Posted 2 years ago
Posted 2 years ago

Nome, Alaska: Last Train to Nowhere, by Robert Arrington on Flickr.

"There are strange things done in the midnight sun by the men who moil for gold." -Robert W. Service

A few miles down the Bering Sea from Nome lies a vivid memory of her Gold Rush journey boom to bust. Scattered across the Tundra is a graveyard of locomotive engines that the locals call the “Last Train to Nowhere.”

The trains were built from 1881 to 1886 and were retired engines from the New York Elevated rail system. They arrived in Nome by Steamer in 1903 and were intended for a railway to connect newly sprouted gold mining camps. But as the gold rush faded debts crushed the fledgling railroad and construction soon came to a halt. Today the rusted locomotives lean heavily in the tundra just a few yards from the icy Bering Sea. If you lean into the wind at just the right time you can almost hear the train’s whistle cutting through the air.

Posted 2 years ago

Solomon, Alaska: After the Gold Rush on Flickr.

The landscape surrounding Nome Alaska is littered with the wreckage of its gold rush past. 19th Century Gold Dredges lie in ruins throughout the vast arctic wilderness and tell a silent story of boom to bust. The dredges are so well preserved because they lie in a frozen state for most of the year, revealing their secrets slowly and briefly in a land forgotten by time.

This photo is an HDR shot of 12 images taken in Solomon, Alaska.

Posted 2 years ago

Nome, Alaska: Helios Descends at Midnight, by Robert Arrington on Flickr.

This is a second image of the fishing hut on Safety Sound as the midnight sun touches the horizon.

This HDR photo was taken just before midnight on Wednesday July 27, 2011. Nome is located in Northwestern Alaska and lies just below the Arctic Circle so the summer days are long and lingering and summer sunsets last for hours.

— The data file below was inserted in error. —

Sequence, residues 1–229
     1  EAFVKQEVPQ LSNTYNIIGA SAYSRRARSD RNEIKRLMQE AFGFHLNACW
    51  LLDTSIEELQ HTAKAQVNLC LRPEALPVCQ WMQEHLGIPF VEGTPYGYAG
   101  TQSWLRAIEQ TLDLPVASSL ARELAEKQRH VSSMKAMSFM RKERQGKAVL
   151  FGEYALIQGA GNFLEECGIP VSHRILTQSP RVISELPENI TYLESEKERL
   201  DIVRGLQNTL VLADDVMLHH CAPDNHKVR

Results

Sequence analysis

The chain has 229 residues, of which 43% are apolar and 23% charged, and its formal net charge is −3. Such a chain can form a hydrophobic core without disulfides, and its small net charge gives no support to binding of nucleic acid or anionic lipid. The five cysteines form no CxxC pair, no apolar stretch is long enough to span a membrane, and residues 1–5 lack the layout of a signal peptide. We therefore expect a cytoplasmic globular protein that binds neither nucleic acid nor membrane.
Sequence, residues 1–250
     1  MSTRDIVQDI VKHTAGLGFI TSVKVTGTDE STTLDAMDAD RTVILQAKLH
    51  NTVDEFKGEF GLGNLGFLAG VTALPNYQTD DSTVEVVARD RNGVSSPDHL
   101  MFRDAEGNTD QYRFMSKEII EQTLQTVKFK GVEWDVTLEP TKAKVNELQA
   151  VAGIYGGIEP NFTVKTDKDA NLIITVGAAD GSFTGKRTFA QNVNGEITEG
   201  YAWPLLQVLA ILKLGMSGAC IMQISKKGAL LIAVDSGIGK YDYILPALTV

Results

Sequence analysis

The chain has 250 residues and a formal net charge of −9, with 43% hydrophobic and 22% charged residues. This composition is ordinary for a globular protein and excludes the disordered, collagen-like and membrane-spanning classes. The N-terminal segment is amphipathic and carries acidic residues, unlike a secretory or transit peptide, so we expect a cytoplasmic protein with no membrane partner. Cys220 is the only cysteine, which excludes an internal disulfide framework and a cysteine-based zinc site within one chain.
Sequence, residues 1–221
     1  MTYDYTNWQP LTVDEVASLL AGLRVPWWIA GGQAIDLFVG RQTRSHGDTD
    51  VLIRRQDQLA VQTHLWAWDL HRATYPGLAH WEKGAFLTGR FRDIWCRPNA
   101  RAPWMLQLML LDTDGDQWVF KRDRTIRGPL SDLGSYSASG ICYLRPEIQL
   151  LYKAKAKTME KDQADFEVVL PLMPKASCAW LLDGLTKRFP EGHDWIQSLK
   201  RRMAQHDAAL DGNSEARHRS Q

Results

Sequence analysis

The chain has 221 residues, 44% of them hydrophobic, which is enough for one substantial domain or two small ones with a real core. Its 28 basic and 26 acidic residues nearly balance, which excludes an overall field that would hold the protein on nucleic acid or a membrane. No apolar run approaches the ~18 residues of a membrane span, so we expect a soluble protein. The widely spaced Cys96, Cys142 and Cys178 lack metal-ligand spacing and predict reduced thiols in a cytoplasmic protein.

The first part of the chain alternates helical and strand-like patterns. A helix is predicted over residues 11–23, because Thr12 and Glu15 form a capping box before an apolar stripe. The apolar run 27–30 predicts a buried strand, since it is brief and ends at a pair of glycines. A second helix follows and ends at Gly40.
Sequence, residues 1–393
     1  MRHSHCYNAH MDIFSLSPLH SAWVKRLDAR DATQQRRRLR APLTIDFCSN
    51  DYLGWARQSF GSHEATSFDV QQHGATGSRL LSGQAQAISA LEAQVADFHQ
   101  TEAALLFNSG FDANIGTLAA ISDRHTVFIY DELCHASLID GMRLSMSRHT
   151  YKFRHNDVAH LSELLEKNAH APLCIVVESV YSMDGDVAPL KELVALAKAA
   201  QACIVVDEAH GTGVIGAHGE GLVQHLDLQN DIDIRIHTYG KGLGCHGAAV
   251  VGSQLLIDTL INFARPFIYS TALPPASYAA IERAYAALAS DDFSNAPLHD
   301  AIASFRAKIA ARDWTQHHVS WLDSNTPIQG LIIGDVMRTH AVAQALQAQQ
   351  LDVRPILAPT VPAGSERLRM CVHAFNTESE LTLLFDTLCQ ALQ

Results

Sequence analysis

The image is an HDR composite of 3 bracketed shots. Safety Sound is a little-known, accessible part of the Alaska Maritime National Wildlife Refuge and hugs the coast of the Bering Sea.

Posted 2 years ago

Nome, Alaska: Sunset on Safety Sound, by Robert Arrington on Flickr.

A rustic weathered fishing hut greets the midnight sun on Safety Sound, 20 miles east of Nome, Alaska.

This photo was taken at exactly 12am Midnight on Wednesday July 27, 2011. Nome is located in Northwestern Alaska and lies just below the Arctic Circle so the summer days are long and lingering and summer sunsets last for hours.

The image is an HDR composite of 3 bracketed shots. Safety Sound is a little-known, accessible part of the Alaska Maritime National Wildlife Refuge and hugs the coast of the Bering Sea.

Posted 3 years ago

Grove of the Giants, Redwood National Park on Flickr.

Grove of the Giants: Redwood National Park, California
March 30, 2011 by Robert Arrington

This photo was taken as we walked among the giant sequoias in the Ladybird Johnson Grove. A part of the Redwoods National Park, these Sequoias have been here since before the time of Christ and are among the oldest living beings on this planet. We humans are finite creatures and nothing reveals our fragility more than these towering sentinels.

“God has cared for these trees, saved them from drought, disease, avalanches, and a thousand tempests and floods. But he cannot save them from fools.” John Muir

Posted 3 years ago
Portage, Alaska: Brown Bear’s Happy Summer, by Robert Arrington on Flickr.I took this shot of a very content Alaska Brown Bear snacking on the green grass of a happy summer in South Central Alaska.